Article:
American computer firm Dell said Monday that it will lay off some five percent of its global workforce, or around 6,650 employees, the latest casualties of a job-slashing wave hitting the US tech sector.
The cuts follow similar steps by tech giants Microsoft, Facebook owner Meta, Google-parent Alphabet, Amazon and Twitter as the industry girds for economic downturn.
They also come after a major hiring spree at the height of the coronavirus pandemic when companies scrambled to meet demand as people went online for work, school and entertainment.
But "market conditions continue to erode with an uncertain future," said Dell Technologies vice chairman Jeff Clarke in a memo released Monday.
"The steps we've taken to stay ahead of downturn impacts –- which enabled several strong quarters in a row –- are no longer enough," he added.
Dell, based at Round Rock in Texas, had 133,000 employees at the start of last year with nearly a third of them in the United States.
On Monday, Clarke said the company now has to make "additional decisions to prepare for the road ahead."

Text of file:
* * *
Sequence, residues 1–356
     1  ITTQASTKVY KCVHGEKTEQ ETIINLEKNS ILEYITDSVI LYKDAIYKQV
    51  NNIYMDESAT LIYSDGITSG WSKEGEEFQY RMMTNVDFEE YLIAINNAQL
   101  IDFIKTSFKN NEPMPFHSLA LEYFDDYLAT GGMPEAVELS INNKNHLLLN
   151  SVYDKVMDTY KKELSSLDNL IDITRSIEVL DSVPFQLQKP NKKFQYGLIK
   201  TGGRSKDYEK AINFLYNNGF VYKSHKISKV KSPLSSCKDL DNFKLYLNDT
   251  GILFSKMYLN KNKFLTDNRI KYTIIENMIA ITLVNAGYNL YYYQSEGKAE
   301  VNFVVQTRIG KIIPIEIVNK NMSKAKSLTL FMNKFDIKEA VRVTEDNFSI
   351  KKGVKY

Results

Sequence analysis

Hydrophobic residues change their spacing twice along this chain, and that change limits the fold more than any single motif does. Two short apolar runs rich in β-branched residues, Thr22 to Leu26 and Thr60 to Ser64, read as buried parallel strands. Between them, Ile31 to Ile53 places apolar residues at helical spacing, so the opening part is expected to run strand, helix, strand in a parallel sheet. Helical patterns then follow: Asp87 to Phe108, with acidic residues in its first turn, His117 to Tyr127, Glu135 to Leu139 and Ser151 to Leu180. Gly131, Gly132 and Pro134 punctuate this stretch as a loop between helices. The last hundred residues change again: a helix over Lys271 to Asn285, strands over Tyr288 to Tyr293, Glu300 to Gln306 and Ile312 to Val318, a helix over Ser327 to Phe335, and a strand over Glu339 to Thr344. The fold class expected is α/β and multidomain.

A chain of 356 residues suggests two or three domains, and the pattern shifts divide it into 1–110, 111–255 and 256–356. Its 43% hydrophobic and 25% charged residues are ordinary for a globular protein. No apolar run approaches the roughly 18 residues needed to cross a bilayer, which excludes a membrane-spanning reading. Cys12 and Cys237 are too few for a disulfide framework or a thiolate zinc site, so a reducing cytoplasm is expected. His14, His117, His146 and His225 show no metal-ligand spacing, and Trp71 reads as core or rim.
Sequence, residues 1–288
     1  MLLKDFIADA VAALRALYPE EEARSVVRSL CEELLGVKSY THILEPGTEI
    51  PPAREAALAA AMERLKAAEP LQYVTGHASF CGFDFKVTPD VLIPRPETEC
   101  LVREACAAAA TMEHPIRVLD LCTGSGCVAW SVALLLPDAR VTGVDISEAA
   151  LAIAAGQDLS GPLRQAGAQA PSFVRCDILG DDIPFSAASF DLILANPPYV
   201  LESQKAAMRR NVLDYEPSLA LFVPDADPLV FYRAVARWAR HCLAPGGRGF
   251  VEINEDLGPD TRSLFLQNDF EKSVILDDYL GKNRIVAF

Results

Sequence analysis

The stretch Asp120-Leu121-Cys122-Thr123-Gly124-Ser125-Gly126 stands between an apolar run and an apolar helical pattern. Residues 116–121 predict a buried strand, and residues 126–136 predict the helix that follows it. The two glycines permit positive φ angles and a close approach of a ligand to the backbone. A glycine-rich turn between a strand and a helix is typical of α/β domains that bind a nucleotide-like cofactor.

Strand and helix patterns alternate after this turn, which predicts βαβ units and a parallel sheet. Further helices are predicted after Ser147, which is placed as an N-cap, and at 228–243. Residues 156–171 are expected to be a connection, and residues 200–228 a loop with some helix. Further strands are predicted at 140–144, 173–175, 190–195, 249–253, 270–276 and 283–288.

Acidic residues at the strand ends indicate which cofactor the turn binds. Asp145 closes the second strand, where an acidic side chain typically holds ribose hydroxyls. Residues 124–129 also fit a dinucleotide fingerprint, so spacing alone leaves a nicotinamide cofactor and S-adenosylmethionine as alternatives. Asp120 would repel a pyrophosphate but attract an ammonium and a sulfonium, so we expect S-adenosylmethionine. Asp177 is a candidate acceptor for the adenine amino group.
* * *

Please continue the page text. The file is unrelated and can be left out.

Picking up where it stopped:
He warned of coming changes for the firm's global sales and services segments, adding that "unfortunately, with changes like this, some members of our team will be leaving the company."
"There is no tougher decision, but one we had to make for our long-term health and success," he added.
Dell's revenue fell six percent in the third quarter of its 2023 fiscal year, according to results released in late November.
Product sales, such as of desktops, laptops and workstations, which represent the bulk of the group's business activity, fell by 10 percent.
The group's executives pointed to the decline in demand for personal computers as people in the United States and around the world contend with high inflation and rising interest rates.
But the company has navigated economic downturns before and "emerged stronger" from them, Clarke stressed in the memo.
He added that Dell will "be ready when the market rebounds."
According to the specialist site Layoffs.fyi, just over 88,000 tech employees have lost their jobs since the beginning of January worldwide, not counting Dell's announcement on Monday.